### Session P21: Focus Session: Fundamental Issues in Catalysis I

8:00 AM–11:00 AM, Wednesday, March 12, 2008
Morial Convention Center Room: 213

Chair: Francisco Zaera, University of California, Riverside

Abstract ID: BAPS.2008.MAR.P21.1

### Abstract: P21.00001 : The role of hot electrons in catalysis science

8:00 AM–8:36 AM

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#### Author:

Gabor A. Somorjai
(Department of Chemistry, University of California Berkeley)

One long-standing observation in the field of heterogeneous catalysis is that the activity and selectivity in certain reactions is dramatically affected by the oxide onto which the metal nanoparticles are deposited, even though the oxide itself is not active in catalysis. Recently, studies which detected hot electron formation at metal surfaces helped to explain these curious findings. Pulse probe experiments have detected hot electron formation within femtoseconds when photons are incident on a metal surface. Experiments indicate that the mean free path of these hot electrons is on the order of 5 nm, which is in the range of the size of catalyst nanoparticles. Further studies indicate that exothermic catalytic reactions can also produce hot electrons readily, for example CO oxidation or the reaction of hydrogen and oxygen to form water. We have constructed a catalytic nanodiode'' in our laboratory whereby we carry out catalytic reactions at high and continuous turnover and, using a Schottky barrier, collect hot electrons. Simultaneous measurement of turnover frequency and hot electron current during CO oxidation has shown that the hot electron current and the turnover rate for the reaction are correlated. This implies that the catalytic activity at the oxide-metal interface in certain catalytic reactions is associated with the hot electron flow.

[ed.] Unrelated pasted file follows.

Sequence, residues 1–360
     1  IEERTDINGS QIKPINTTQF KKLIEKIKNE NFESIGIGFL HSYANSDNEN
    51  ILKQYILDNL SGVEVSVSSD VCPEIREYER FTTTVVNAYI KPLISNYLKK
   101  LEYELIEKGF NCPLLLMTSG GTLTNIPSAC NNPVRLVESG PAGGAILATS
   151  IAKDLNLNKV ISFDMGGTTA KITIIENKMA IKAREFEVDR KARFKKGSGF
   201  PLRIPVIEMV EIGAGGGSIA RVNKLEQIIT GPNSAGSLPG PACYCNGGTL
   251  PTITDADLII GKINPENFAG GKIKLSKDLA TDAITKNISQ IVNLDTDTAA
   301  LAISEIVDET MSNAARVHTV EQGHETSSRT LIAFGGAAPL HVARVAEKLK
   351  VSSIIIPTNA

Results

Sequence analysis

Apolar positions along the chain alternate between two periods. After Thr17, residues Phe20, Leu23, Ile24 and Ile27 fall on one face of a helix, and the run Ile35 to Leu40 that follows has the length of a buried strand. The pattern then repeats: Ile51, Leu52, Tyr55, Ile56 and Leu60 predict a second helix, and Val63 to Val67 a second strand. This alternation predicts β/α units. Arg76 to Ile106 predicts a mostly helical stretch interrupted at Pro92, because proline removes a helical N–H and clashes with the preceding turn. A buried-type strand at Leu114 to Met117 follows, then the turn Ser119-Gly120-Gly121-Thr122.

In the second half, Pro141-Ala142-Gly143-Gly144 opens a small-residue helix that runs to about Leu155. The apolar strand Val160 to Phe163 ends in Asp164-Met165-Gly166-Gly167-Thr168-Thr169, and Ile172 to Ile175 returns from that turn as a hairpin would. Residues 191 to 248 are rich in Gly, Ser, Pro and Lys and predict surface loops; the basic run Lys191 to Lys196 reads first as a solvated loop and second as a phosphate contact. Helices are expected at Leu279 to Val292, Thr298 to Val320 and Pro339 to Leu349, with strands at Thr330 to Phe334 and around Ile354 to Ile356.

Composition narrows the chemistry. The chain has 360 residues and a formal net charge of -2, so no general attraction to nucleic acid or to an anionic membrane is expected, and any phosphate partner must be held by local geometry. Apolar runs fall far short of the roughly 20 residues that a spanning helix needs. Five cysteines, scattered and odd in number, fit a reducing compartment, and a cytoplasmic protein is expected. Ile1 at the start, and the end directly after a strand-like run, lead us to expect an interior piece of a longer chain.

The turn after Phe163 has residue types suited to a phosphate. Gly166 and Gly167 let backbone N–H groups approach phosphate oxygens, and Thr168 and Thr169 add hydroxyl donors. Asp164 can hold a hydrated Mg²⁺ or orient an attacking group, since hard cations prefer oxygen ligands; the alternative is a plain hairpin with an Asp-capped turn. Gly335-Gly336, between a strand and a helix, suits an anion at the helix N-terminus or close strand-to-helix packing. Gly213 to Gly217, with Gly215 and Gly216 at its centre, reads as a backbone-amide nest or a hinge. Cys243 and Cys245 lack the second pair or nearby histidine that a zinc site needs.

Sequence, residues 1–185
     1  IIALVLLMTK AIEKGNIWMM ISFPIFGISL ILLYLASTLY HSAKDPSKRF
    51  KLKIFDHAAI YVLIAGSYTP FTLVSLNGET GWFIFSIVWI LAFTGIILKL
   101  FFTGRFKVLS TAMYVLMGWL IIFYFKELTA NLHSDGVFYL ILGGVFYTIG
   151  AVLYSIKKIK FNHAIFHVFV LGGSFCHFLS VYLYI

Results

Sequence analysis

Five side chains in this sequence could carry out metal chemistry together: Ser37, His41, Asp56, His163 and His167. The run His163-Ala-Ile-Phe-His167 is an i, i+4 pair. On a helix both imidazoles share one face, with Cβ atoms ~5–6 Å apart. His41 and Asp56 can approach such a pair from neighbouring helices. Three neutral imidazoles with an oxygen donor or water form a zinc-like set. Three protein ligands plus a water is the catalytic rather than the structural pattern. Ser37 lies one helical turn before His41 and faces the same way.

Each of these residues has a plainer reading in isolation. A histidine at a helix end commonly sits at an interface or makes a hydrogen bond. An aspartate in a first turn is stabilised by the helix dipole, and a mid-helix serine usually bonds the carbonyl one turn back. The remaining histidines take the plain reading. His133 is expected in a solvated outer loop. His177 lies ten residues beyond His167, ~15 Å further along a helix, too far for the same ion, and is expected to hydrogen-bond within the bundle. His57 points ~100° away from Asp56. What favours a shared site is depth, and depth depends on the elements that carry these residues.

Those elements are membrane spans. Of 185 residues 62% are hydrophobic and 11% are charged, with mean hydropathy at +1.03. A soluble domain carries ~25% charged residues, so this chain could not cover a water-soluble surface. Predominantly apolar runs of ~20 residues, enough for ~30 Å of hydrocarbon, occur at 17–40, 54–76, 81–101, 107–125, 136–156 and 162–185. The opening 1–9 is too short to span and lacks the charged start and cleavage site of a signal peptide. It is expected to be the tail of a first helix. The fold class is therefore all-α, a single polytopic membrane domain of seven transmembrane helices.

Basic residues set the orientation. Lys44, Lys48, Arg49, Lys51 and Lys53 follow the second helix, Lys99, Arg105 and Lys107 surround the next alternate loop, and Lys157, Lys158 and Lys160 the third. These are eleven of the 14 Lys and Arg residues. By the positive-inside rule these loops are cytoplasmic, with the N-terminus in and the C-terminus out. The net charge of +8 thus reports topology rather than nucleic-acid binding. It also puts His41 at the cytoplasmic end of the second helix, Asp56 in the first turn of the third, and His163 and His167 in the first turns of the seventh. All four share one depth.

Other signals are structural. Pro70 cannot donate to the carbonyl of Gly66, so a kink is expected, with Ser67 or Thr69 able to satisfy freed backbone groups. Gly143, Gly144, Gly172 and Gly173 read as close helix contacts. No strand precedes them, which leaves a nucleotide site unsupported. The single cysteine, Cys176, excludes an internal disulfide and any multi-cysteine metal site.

To cite this abstract, use the following reference: http://meetings.aps.org/link/BAPS.2008.MAR.P21.1